Interview with Martha Delgado, Mexico City, Mexico
Martha Delgado was the Minister of Environment of Mexico City during the administration of Mayor Marcelo Ebrard (2006-2012), where they developed ambitious environmental policies like the Green Plan of Mexico City, the Climate Action Programme, the bike sharing system ECOBICI, the recovery of the Magdalena River, the last living river in the city, among others. From 1998 to 2003 she was President of the NGO Mexican Citizens Presence, dedicated to promote democracy, environmental agenda, and the participation of youths in the public sphere; and she also founded in 2006 the Mexican Alliance for a New Culture of Water. From 2003 to 2006 she was elected Independent Deputy in the Third Legislative Assembly of Mexico City, where she created and chair the Water Management Commission. In the international sphere Martha serves as First Vice-President of ICLEI – Local Governments for Sustainability, an international organisation that regroups over one thousand five hundreds cities from all over the world. Currently, she works at Fundacion PENSAR, as a General Director of the Secretariat of the Global Cities Covenant on Climate, a local leaders initiative that joint 286 Mayors of the world to combat the global warming.

ARE CLIMATE CHANGE ISSUES BEING ADDRESSED ON THE NATIONAL LEVEL? IF SO HOW? In Mexico we have a National Law for Climate Change. In 2011 the federal government launched the Climate Change Programme that includes actions of different ministries. A couple of days ago the new President installed the Inter-secretarial Commission of Climate Change.

WHY IS IT IMPORTANT TO TARGET CLIMATE CHANGE AT THE CITY LEVEL? The rational for that lies in the fact that while climate change does not affect all the world’s regions equally, its impact will create adverse conditions for civilizing elements as they exist today. As such, the action of cities at the local level becomes strategic for climate change mitigation and adaptation actions. Furthermore, cities have in their hands important measures and policies that are directly related with the possibility of reducing emissions: transportation systems, land fields, water management and lighting of the streets, all local attributions. Cities can also innovate by regulating and giving economic incentives for energy efficiency for example. Cities start at the local level but their climate activism can have positive international implications.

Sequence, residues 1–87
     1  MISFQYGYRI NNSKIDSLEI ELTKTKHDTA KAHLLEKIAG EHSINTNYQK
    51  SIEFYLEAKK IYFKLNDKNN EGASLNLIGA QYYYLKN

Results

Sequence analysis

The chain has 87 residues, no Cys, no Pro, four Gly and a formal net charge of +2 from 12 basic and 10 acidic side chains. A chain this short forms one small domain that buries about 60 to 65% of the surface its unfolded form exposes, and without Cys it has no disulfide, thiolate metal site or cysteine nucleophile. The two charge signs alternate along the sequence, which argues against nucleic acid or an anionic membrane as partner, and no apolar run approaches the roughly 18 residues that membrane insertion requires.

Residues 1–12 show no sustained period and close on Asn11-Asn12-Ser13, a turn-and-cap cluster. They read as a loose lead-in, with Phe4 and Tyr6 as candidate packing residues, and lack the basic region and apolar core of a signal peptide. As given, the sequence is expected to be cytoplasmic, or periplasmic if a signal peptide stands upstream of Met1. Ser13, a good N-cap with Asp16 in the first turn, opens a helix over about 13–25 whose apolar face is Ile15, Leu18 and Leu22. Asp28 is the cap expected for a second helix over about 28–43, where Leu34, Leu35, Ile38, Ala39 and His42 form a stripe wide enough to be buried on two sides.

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WHAT WERE THE CHALLENGES FOR MEXICO CITY IN TERMS OF CLIMATE CHANGE AND HOW DID YOU OVERCOME THEM? Mexico City is one of the largest cities in the world. We are 9 million residents, and we receive an extra 5 million during the day. Sustainability is an aspiration, we have suffered environmental crises in the past (air quality, floods, waste). These crises have helped raise awareness in citizens about the importance of taking care of the environmental agenda. The city needs more efficient transportation systems to reduce emissions and improve air quality. From 2008-2012 Mayor Ebrard's administration created a number of very diverse strategies through the Climate Action Plan that helped reduced 7.7 million tons CO2/eq. WHAT WERE THE GEOGRAPHICAL CHALLENGES? We are established in a closed basin, and the raining pattern has been changing a lot. Sometimes we lack water and then months after we will have floods. The city is very expansive, so we have to reduce the time of transportation of million people to reduce emissions. WHAT WERE THE POLITICAL CHALLENGES? Mexico City´s government changed last December. The administration of Mayor Ebrard was truly committed with the climate agenda, gaining international recognition and extraordinary performance. In my opinion the current administration's challenge is to assume this agenda.

WHAT DIFFERENCE DID THE SUPPORT OF THE LOCAL GOVERNMENT MAKE? The battle against global warming will either be won or lost in cities. At the end of the day, the activities that contribute to emissions take place at the local level. In terms of adaptations you can't adapt the whole country, you must adapt communities. The solution therefore, of any public policy, regulation, measure, or investment, is to work with the engagement of the city.

WHICH ACTORS WERE THE MOST INSTRUMENTAL AND WHY? Mayors. Mayors that have vision and inspire their communities. They can tailor regulations and generate incentives, allocate money to climate measures and spread the enthusiasm of the economic and ecological relevance of this cause.

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